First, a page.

Keeping the Adventure Fun for Everyone: Safety tools for Tabletop Roleplay Games

Roll20 Safety Tools.jpg: Roll20's safety tools card deck in use on their virtual platform. Screenshot of ( gameplay.
Roll20 Safety Tools.jpg: Roll20’s safety tools card deck in use on their virtual platform. Screenshot of ( gameplay.

In a 2020 blog, I discussed how during the pandemic many players of Tabletop Roleplay Games (TTRPGs) turned to platforms online to continue their adventures. I wasn’t alone in turning to TTRPGs for entertainment while stuck at home because that year, National Toy Hall of Fame inductee Dungeons & Dragons saw sales jump 33%! That jump doesn’t even touch on the hundreds of indie TTRPGs that have been released through various crowdfunding sites in the last few years. With more people beginning to play TTRPGs, playgroups have become more diverse. Now you can be playing with friends around the world using various online tabletop options. This wide range of people, however, brings different experiences and expectations to the (virtual and physical) table and it is important to be considerate of this.

If you have watched episodes of an actual play series such as Critical Role, you will understand how TTRPGs can be full of a range of emotional moments as the dice either bless you with successes or curse you with failures. Sometimes during gameplay, it’s hard to tell how much of the emotion expressed reflects the character or the player controlling them. Thankfully, tools exist to help the Gamemaster (GM) and players maintain a safe table. In 2019, Kienna Shaw and Lauren Bryant-Monk created and have since curated the ever-growing TTRPG Safety Toolkit. Within these files are the various tools, transcriptions of panels they have done, and instructions on how to import the tools into virtual tabletops. In their toolkit summary they state: “The key to safety tools is communication and trust. There needs to be an open and respectful line of communication alongside an environment of trust for these to work.” Shaw and Bryant-Monk’s work goes into detail, so I will point out the three stages of game play where tools are used and the ones I personally have found valuable.

Safety tools for Roll20 by Evil Hat Productions.jpg : Evil Hat Production's free safety tools bundle in action on Screenshot of safety tools provided by Evil Hat Productions ( on (
Safety tools for Roll20 by Evil Hat Productions.jpg : Evil Hat Production’s free safety tools bundle in action on Screenshot of safety tools provided by Evil Hat Productions ( on (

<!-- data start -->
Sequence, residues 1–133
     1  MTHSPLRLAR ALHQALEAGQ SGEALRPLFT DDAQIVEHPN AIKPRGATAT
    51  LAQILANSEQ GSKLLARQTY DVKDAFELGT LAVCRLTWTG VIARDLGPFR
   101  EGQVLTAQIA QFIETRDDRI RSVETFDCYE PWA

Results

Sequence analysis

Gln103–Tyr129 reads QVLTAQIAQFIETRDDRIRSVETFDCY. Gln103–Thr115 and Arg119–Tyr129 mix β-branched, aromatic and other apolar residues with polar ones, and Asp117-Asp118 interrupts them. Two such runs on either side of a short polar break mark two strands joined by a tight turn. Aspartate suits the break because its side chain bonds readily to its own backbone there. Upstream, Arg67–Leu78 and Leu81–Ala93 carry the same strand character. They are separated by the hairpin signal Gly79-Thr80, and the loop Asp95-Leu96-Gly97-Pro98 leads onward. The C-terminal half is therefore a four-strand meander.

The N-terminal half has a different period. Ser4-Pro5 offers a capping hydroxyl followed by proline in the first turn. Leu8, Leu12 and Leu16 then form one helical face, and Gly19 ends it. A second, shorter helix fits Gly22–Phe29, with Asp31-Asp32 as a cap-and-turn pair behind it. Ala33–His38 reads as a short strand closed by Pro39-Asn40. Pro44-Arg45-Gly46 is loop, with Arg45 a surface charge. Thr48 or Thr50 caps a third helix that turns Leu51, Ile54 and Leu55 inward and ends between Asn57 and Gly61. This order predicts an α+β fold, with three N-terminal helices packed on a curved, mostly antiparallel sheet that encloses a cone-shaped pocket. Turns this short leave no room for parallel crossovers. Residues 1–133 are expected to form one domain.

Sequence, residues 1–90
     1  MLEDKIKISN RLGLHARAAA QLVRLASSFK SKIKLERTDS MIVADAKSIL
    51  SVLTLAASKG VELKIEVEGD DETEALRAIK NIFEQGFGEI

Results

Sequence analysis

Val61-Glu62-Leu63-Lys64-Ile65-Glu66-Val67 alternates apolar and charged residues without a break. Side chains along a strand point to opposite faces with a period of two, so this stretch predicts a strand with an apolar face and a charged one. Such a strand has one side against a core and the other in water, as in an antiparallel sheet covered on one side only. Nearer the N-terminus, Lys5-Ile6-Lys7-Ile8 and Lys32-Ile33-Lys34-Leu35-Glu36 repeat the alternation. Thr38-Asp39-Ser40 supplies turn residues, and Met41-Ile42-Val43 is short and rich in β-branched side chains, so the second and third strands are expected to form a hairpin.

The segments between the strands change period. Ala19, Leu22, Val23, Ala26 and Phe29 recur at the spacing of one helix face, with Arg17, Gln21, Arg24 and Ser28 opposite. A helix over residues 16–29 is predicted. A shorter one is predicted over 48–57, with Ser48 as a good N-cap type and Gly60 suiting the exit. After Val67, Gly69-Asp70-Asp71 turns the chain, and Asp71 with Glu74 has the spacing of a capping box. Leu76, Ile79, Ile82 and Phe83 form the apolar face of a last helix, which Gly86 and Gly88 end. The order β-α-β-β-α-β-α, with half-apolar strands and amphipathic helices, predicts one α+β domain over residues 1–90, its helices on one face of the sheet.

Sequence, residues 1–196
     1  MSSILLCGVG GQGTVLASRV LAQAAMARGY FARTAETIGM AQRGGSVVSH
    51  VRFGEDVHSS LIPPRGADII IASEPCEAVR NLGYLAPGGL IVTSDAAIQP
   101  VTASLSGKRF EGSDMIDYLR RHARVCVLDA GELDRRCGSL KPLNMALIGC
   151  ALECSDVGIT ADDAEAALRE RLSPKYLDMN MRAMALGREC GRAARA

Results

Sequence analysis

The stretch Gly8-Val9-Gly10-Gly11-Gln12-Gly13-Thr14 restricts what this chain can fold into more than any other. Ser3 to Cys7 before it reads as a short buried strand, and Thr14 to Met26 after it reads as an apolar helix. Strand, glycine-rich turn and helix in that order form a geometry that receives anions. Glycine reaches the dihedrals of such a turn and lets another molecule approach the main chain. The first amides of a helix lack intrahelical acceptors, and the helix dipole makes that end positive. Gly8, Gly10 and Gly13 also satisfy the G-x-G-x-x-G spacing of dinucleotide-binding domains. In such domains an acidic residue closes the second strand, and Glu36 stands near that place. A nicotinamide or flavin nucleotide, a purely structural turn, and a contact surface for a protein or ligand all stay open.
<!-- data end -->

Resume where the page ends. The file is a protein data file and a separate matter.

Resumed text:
Before you even begin rolling dice, it is important to establish Lines and Veils. This has multiple iterations, and some prefer the RPG Consent form by Monte Cook Games. The basic principle of both tools is to ask players in advance to compile a list of topics they absolutely would not like brought up in gameplay (Lines) and then a list of things that could be uncomfortable but wouldn’t necessarily qualify as a full line (Veils). Making this process anonymous means that no player feels embarrassed by the topics they may find difficult to deal with. This list of topics is then presented to the table before the game for everyone’s understanding. During this process, it’s important for players to respond with respect and understand that their fellow players don’t need to explain or justify the reasons behind their list.

During Game

If you have opened a TTRPG book recently, you may have noticed sections about safety. Most of these sections refer to the X-Card by John Stavropoulos or the XNO cards/Traffic Light System, the most common tool used during play. The system provides players (and the GM) with 3 cards: X (Red), N (Yellow), O (Green). The X card signifies the scene has crossed a line and needs to stop; the scene is changed immediately. The N card is a warning of nearing content that could be close to a line or veil. Currently you are safe but proceed with caution or shift onto the next scene. The O card is a check-in card. It is a tool used for scenes where roleplay can be intense and players appear emotional. In this situation the O card is submitted to convey that “I, the player, am okay.”


There are various post-game safety tools in the toolkit, but one I personally enjoy is Stars and Wishes by Lu Quade. It allows players to consider what moments in the session they enjoyed and what they would like to see going forward. It creates an encouraging space for the GM to learn what players want to see and what they could change, or even just shows that the game was fun and everyone had a great time!

As someone who plays my fair share of TTRPGs, I see safety tools as important to make sure we all have fun in and out of character and no one is forced to experience something unpleasant during play. So next time you sit down to play with your adventuring party, whether it be for Dungeons & Dragons, Call of Cthulhu, or Monster of the Week, consider using safety tools. We never know all the experiences of the other players present at the table need to be mindful if we want to make everyone feel welcome on our dice rolling adventures!

Article by Lindsey Barnick, Cataloger at The Strong National Museum of Play.

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